Niles council debates resumption of in-person meetings
NILES — City Council has been exploring options to resume meeting in person under state guidelines, but has yet to agree to a solution.
In mid-March council voted to suspend regular in-person meetings until further notice amid COVID-19 concerns. The legislative body has been operating since by having special meetings by conference calls, but the format does not include a platform for public comment.
During Wednesday’s meeting, council President Robert Marino proposed using the gymnasium at the Niles City Schools Administration building on North Rhodes Avenue to make a partial return to in-person meetings. Council’s usual meeting place in the Niles Municipal Court is not a viable meeting place under current restrictions, as it could not accommodate social distancing, and the Ohio Supreme Court is requiring the wearing of masks in court chambers.
The school district space allows for 10 people to meet while adhering to social-distancing guidelines and could accommodate the eight-person council, the council clerk and the mayor. Other city officials, including the law director and the city auditor, would join the meeting by virtual means.
“The school district has been very, very, very open-minded and accommodating working with us to move forward in addressing our concerns,” said Marino, who said as a part of the deal, the district would equip council with the technology needed to stream its meetings so the public could watch. He said he thought it was the city’s best option going forward.
The catch — using the space would cost council. The amount is unknown, as Marino told council members he is waiting to get direction from them on whether he and law director Phil Zuzolo should proceed in making arrangements.
The proposal was met with mixed feelings from council members.
“I would respectfully disagree with your assertion that this is our best option,” Councilman Ryan McNaughton said to Marino. He said the city previously explored using the online platform GoToMeeting, which would allow the public to see council members through video conferencing. McNaughton said initial conversations about using the platform were met with silence.
“Moving forward, to me, that is the safe, easy alternative that already exists for us to see each other, communicate, and to let the public view and watch us,” McNaughton said. He said with video conferencing, the city would not have to pay to use and then clean a facility.
Marino said the problem with GoToMeeting is making sure all city officials have the proper hardware — laptops or desktops with working cameras — to use the platform effectively.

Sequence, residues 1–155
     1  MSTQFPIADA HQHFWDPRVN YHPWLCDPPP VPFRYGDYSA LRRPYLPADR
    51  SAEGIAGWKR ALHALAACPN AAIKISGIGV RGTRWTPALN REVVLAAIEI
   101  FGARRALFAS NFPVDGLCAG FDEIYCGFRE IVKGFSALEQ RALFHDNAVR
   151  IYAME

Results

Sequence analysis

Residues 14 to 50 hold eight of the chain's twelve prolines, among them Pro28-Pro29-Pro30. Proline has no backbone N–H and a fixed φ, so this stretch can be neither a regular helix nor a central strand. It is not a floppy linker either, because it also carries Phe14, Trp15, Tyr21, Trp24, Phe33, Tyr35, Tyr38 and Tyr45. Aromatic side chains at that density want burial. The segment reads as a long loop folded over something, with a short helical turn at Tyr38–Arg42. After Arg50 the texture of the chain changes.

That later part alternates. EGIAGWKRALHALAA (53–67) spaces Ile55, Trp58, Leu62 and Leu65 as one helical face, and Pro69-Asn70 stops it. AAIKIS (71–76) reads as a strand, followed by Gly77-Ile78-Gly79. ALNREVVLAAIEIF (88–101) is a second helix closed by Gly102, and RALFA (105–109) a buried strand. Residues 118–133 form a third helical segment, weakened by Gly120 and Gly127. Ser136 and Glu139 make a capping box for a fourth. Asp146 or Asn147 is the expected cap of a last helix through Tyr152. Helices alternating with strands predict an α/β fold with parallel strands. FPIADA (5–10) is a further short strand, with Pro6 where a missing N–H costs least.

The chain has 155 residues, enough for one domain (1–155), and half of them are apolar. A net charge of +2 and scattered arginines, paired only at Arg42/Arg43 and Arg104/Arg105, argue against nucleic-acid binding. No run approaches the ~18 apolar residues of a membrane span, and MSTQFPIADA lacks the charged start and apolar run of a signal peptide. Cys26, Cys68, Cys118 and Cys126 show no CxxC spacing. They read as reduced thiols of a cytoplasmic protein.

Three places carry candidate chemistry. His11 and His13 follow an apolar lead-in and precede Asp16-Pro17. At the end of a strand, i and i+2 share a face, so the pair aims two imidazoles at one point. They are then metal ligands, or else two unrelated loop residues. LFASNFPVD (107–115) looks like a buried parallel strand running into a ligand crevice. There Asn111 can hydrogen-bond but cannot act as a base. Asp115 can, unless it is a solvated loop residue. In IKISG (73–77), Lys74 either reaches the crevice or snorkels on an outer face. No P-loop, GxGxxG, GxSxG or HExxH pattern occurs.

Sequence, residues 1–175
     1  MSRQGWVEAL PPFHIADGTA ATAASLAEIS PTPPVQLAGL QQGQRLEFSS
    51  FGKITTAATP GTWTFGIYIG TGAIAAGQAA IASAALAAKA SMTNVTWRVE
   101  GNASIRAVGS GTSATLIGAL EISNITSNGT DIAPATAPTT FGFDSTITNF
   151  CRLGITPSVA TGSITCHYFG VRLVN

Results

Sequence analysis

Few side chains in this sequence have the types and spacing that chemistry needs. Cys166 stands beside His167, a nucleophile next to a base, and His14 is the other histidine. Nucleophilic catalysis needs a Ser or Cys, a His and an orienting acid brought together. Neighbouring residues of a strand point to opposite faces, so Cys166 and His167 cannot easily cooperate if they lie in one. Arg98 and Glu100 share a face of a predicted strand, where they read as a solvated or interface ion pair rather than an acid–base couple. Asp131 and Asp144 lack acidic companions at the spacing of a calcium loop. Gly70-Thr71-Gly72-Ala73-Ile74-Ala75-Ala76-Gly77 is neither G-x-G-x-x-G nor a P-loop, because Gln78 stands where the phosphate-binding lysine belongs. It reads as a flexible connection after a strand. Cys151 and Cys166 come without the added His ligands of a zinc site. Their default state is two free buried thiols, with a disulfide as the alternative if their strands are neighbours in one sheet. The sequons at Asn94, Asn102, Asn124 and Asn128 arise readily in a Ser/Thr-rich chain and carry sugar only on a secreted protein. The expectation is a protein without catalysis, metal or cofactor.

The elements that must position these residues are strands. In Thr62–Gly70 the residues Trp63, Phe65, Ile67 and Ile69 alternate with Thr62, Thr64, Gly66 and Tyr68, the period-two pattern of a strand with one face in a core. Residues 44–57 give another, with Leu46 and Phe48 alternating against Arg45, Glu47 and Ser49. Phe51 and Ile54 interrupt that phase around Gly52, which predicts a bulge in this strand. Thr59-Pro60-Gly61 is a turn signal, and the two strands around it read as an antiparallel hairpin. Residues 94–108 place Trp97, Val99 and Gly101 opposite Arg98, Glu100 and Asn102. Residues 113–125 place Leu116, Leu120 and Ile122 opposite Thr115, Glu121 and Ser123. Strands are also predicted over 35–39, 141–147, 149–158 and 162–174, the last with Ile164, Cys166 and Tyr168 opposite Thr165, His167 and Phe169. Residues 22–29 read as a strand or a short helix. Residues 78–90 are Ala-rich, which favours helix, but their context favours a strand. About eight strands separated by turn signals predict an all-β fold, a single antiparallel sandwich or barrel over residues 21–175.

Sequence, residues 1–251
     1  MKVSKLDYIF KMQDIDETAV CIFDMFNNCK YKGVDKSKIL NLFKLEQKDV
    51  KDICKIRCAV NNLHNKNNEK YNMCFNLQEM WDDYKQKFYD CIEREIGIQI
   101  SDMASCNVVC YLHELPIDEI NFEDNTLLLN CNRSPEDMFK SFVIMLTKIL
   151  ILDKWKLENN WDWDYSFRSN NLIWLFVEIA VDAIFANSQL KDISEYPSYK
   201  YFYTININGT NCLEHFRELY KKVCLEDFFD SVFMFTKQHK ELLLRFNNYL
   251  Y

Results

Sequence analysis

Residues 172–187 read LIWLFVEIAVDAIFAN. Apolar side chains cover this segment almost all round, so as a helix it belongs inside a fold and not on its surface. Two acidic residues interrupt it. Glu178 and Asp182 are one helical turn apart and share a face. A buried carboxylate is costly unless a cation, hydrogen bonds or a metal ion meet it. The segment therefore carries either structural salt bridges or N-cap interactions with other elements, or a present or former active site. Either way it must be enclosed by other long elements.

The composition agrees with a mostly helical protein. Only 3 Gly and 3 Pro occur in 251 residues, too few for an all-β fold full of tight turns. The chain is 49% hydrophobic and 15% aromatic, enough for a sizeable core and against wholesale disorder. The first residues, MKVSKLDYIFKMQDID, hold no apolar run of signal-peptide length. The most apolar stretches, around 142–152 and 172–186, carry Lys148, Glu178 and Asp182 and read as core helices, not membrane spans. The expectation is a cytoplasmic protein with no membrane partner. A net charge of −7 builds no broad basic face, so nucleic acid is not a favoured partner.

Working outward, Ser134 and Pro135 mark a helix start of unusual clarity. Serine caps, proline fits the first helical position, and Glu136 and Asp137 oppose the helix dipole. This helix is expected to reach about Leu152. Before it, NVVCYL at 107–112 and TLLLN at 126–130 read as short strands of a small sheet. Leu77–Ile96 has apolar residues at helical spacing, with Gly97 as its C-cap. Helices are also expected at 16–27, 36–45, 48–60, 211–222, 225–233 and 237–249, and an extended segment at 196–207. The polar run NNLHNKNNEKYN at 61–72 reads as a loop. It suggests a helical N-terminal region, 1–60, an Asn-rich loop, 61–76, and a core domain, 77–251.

Councilwoman Linda Marchese wasn’t opposed to resuming in-person meetings, but said it would make more sense to meet in a city-owned location, where council would not have to pay to use the space.
Previous ideas for council meeting places included the Niles Wellness Center, but the area is not equipped with technology needed to stream meetings for the public.
Councilman Doug Sollitto was in favor of utilizing the school district space.
“We need a sense of normalcy,” Sollitto said. “City council is meeting all across the state. They’ve opened up. We cannot just sit at home and use COVID-19 as an excuse to do it.”
If council were to resume regular meetings at the school administration building or another location, public comment on agenda items likely would be taken electronically beforehand through a link on the city website. Questions on agenda items collected before the meeting would be directed toward the chairperson of the committee that sponsored the legislation, and other questions would be directed to the most appropriate party.
“I believe very strongly in the public being allowed to engage their elected officials,” Marino said. He added that the community should be able to see council.
Ultimately, the choice on how to proceed lies with the four ward council members and three councilmen-at-large.
Councilman Al Cantola, who suggested all communications to council and meeting minutes should be made available online, said council likely would need to have a roundtable to discuss its options further.
Zuzolo pointed out although finding a location to meet may seem simple, many factors are at play — including orders from the Ohio Department of Health, the Ohio Supreme Court and open meetings law.
“We’ve got to balance all of these different things,” said Zuzolo. “It’s not as easy as it may seem.”